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Danish researches solve virus puzzle

How is virus as for example HIV and bird flu able to make the cells within a human body work for the purpose of the virus? Researchers at the University of Copenhagen shed new light on this question.

The research is a collaboration between molecular biologists and physicists. ”The molecular biologists have knowledge of how the cell functions and of the interplay between the intercellular parts, while the physicists have the expertise and the technique to be able to measure and analyze the physical processes.?says Lene Oddershede, physicist at the Niels Bohr Institute, University of Copenhagen. This interdisciplinary work between physics and biology has been very fruitful and will be published April 3rd in the prestigious scientific journal PNAS, Proceedings of the National Academy of Sciences.

The researchers have investigated how a virus exploits the machinery of human cells to produce the proteins which the virus needs in order to replicate to billions of new vira. The virus penetrates into the host cell where it liberates its RNA which is a copy of the heritage material, DNA. RNA is like a 'cook book' which contains the recipes of which proteins the virus needs for replication.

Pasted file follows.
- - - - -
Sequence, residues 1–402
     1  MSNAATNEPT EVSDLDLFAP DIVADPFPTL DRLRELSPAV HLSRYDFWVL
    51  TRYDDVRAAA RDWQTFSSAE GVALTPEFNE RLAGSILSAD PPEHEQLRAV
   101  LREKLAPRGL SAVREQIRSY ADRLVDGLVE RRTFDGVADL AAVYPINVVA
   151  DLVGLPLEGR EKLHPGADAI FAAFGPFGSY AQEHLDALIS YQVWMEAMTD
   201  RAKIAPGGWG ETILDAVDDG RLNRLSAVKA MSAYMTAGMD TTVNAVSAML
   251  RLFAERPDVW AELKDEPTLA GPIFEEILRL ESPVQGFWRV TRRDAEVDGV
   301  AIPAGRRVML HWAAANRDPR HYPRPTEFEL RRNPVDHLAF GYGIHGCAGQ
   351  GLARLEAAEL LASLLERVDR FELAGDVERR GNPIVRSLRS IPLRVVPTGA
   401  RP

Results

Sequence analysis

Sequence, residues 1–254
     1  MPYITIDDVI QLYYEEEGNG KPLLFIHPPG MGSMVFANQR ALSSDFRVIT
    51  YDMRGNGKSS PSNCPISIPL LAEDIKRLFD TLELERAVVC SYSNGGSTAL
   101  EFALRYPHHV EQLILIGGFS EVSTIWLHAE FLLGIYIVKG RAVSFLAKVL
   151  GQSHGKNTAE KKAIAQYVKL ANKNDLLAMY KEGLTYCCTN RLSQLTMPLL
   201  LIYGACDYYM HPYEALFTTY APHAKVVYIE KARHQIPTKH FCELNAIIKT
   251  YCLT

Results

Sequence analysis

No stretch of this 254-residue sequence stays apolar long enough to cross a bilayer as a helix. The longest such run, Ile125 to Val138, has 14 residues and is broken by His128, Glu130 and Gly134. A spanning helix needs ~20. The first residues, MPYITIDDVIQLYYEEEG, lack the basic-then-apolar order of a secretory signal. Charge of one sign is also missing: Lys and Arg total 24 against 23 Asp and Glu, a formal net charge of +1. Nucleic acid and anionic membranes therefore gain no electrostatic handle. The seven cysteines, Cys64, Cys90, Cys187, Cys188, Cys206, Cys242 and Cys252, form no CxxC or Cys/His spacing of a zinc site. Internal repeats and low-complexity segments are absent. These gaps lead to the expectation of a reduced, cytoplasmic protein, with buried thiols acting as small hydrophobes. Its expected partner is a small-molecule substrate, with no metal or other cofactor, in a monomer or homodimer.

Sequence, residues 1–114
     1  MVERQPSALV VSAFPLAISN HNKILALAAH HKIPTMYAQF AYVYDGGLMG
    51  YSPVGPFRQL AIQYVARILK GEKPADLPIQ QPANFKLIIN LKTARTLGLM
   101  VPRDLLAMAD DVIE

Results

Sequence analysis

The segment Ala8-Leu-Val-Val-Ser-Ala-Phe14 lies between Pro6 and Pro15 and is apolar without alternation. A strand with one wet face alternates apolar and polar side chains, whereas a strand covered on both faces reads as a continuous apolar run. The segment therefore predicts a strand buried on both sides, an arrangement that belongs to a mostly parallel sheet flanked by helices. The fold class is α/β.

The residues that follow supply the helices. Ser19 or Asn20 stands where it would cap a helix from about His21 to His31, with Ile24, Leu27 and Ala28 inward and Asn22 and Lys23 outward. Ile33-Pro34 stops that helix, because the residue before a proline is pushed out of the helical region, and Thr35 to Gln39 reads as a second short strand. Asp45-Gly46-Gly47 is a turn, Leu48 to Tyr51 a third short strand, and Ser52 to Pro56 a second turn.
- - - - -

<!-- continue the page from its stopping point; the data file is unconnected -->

The work process of a virus

The cell has ribosomes, a kind of 'molecular motors', which move along the RNA and read the code for the proteins to be produced to fulfill the needs of the living cell. The task of the ribosomes is to read the code of the host cell, but the virus has the special trick that its RNA resembles that of the host cell, and hence, the ribosomes of the host cell will start reading the viral RNA and produce the proteins requested by the virus. In order words, the virus can be viewed as a parasite, exploiting the human cell to live and replicate in.

Viral RNA resembles human RNA, but it has a tendency to curl up into 'pseudoknots', a three dimensional structure. When the ribosome walking along an RNA encounters a pse
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Source:University of Copenhagen


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